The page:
Secondly, in Rwanda there is no dictatorship. Not from the correct meaning of the word!

  • Comment number 17.

    We got into Rwanda's capital Kigali around lunchtime, and were immediately struck by the differences compared to Kenya.

    cogitodexter, Rory does not need to say it loud, the fact that he is comparing a Capital city and a small town says it all.

    It strikes me that you are somewhat over-sensitive to criticism of Kenya, which seems to me to be honest reporting of Kenyans' own experiences and not personal opinion.

    Why the hell would he criticise Kenya. We do not need criticism, information about Kenya should also be informative and educative but not negative and humiliating. He has written the article with the intention of being condescending.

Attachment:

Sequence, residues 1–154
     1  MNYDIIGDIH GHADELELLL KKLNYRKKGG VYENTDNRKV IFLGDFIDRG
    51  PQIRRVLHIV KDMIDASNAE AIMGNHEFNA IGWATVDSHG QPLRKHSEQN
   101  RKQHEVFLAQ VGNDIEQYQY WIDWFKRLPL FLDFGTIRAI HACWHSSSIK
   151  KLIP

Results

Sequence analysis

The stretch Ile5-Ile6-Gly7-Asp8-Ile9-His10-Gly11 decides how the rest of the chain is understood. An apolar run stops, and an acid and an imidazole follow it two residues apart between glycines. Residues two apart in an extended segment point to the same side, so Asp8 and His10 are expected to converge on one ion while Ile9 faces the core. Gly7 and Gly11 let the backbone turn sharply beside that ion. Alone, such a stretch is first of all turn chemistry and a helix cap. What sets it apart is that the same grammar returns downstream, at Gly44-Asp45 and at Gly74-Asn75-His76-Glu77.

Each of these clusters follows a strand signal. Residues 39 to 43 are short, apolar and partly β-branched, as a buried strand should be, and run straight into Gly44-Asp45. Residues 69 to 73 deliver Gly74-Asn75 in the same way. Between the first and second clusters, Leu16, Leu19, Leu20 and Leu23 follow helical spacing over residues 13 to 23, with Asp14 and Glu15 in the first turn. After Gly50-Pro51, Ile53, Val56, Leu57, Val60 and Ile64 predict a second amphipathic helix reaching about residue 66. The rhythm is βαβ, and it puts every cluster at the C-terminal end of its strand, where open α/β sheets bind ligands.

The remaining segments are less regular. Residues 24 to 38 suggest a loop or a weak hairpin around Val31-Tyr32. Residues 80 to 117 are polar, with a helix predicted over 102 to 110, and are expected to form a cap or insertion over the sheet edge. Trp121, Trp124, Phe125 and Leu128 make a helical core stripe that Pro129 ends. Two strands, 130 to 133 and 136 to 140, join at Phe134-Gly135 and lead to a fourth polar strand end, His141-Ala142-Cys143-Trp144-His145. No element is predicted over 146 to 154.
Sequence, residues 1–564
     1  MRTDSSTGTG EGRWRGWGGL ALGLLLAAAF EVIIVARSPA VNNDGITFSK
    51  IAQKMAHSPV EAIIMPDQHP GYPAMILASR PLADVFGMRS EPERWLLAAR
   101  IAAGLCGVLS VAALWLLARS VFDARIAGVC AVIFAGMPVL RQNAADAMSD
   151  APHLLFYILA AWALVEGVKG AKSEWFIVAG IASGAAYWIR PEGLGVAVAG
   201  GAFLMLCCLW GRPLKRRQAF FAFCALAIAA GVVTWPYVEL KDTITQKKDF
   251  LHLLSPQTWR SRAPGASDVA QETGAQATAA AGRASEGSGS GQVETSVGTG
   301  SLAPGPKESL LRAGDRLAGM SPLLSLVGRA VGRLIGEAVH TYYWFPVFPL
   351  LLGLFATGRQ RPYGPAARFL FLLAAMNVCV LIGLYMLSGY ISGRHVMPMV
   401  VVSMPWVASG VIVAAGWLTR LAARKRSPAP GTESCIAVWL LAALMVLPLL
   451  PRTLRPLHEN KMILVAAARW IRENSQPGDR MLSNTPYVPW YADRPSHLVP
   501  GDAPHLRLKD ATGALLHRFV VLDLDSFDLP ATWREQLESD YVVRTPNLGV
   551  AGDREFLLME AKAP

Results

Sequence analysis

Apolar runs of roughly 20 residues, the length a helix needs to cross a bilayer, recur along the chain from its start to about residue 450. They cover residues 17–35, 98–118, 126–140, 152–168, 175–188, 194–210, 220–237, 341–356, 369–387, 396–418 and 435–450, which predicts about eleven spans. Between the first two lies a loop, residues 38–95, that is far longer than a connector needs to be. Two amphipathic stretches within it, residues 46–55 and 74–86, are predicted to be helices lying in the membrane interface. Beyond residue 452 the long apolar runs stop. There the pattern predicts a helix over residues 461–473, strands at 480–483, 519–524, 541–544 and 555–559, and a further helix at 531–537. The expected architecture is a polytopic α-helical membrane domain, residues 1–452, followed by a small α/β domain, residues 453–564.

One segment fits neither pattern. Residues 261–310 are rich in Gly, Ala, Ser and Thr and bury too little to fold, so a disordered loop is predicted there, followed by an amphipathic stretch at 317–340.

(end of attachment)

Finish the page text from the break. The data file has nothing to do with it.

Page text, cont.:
The article is not all about Rwanda but partly comparing Rwanda´s capital Kigali with Kenya (a small part of a country, Kigali and a whole country Kenya)thus informing people Kigali is better off than Kenya. - This is personal opinion and he should not be the one to judge Kenya.

  • Comment number 18.

    I think GURUBEAR you are the one who needs to re-read the article because it is all there in white and black the comparison of a small part of a country Kigali and a whole country Kenya, plus negative comments which are intended to humiliate. If you do not see what I am seeing then I am afraid you do not know how to analyse a story.

  • Comment number 19.

    Greennoneno...

    Wikipedia has Kigali's population at approximately 850,000 while Mombasa is just over 700,000. That's broadly similar in size therefore it's a reasonable comparison. Mombasa is hardly a 'small town' as you put it!